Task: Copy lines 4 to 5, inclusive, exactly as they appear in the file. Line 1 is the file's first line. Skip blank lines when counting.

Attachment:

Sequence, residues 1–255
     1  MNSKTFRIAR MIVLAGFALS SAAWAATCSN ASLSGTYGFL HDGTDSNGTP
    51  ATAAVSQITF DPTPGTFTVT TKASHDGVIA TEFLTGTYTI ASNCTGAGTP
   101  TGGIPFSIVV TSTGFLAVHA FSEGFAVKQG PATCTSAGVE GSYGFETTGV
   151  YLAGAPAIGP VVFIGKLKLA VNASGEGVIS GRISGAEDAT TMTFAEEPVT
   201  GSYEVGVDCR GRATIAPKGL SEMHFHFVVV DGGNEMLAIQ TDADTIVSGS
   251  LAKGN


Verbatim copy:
   101  TGGIPFSIVV TSTGFLAVHA FSEGFAVKQG PATCTSAGVE GSYGFETTGV
   151  YLAGAPAIGP VVFIGKLKLA VNASGEGVIS GRISGAEDAT TMTFAEEPVT